Mentoring Startups is Hard: Five Ways to Be a Better Mentor

9/13/13

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exposing non-validated assertions. It’s great that entrepreneurs are passionate about their product idea; they need to be. But conviction based on passion creates a faith-based startup that is doomed to fail.

Second, mentors can help founders devise experiments, provide introductions to customers, or come up with other ways to learn what is unknown, such as looking for analogs in the marketplace.

4) Beware of Being a Domain Expert

Sounds counter-intuitive, I’m sure. Aren’t you supposed to bring your domain expertise? In The Lean Entrepreneur, we talk about how business activities vary depending on where a particular product sits on the innovation spectrum.

Once the bastion of franchises and medium-to-large enterprises, startups do a lot of incremental innovation these days. That’s fine; big businesses are outsourcing some of their sustaining innovation. Domain knowledge is particularly helpful on the sustaining side.

But if you try to apply your industry expertise to a startup that is trying disrupt that industry, you’ve got a problem:

To industry insiders, disruptive innovation looks like bad sustaining innovation.

You might want to read that again. This is why “experts” love the phrase “It’ll never work!” That’s the last thing a founder needs is to hear from an insider.

Not that there isn’t some knowledge to be leveraged. If you can remove yourself from the emotion of seeing your industry potentially disrupted, you can share market knowledge, contacts, and other tips and hacks.

And yes, the mentee should be aware of this when seeking advice from industry experts, but also, the best mentors are those who are aware of their own biases and steer clear of areas in which they have a personal stake or an emotional connection.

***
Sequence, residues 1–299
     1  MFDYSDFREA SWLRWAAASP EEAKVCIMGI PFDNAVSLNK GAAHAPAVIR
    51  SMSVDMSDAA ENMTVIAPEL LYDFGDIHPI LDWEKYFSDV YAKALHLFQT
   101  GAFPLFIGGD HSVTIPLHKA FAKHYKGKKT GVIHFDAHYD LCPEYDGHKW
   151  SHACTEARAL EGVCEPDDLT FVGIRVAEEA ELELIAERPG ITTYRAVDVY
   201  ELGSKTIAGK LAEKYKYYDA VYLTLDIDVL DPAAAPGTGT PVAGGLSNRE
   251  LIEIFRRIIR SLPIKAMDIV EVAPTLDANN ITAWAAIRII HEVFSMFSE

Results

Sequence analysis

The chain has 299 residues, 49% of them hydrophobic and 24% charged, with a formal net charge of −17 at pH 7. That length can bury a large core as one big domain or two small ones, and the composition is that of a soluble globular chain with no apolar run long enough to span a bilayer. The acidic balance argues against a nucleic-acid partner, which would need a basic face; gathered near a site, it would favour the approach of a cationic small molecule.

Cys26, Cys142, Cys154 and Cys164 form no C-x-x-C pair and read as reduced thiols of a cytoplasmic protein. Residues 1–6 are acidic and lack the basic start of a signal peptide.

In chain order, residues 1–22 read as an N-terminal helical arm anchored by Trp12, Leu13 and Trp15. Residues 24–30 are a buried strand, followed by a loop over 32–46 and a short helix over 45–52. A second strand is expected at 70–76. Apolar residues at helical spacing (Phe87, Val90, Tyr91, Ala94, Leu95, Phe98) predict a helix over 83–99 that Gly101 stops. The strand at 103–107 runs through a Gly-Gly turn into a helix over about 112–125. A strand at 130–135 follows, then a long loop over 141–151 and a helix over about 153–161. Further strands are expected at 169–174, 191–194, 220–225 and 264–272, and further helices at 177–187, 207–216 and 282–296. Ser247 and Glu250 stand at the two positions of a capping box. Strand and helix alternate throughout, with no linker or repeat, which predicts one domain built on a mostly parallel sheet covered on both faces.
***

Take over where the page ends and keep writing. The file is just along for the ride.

5) Teach Entrepreneurs How to Be Good Mentees

I have often heard myself complaining that those I’ve mentored rarely follow up. It could be I wasn’t a good-enough mentor for these founders. But my ratings have always been high, and I also hear this often from other mentors. So many entrepreneurs also need to be taught how to be mentees. While many mentors view follow-up as a indication of “entrepreneur-worthiness,” mentors who are interested in a particular startup or founder should instead reach out themselves.

Reaching out doesn’t mean a mere “How’s it going?” Reaching out is mentoring: it’s something like, “Hey, I haven’t heard from you in awhile. If you really wish to take advantage of my (or other’s mentoring), you need to be way more proactive.” Here’s what mentors should be recommending to their founders:

—After each mentoring session, write an email thanking the mentor and summarizing the conversation.

—Follow up within a week with specific action taken on the advice or why action wasn’t taken;

—Write a monthly update on company status, needs, achievements, etc. Send this to all mentors, investors, and other interested persons.

You won’t hurt my feelings if you have chosen to work closely with other mentors, but I think the above advice will serve you well. Exceptional mentors ping the entrepreneurs. It’s related to teaching business development, so you are actually developing a skill.

Brant Cooper helps organizations big and small innovate. He is the co-author of "The Lean Entrepreneur," leader of San Diego Tech Founders, and a sought-after speaker, advisor, and mentor. Follow @

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  • FastMikie

    This is good stuff, Brant. Thanks for posting…

    I follow your advice on following up the mentoring sessions, but put the burden on the Protégé and ask them to summarize our meetings in writing and then I get the chance to see if they really got what I hope they got out of our meeting.

    All the best,

    Mike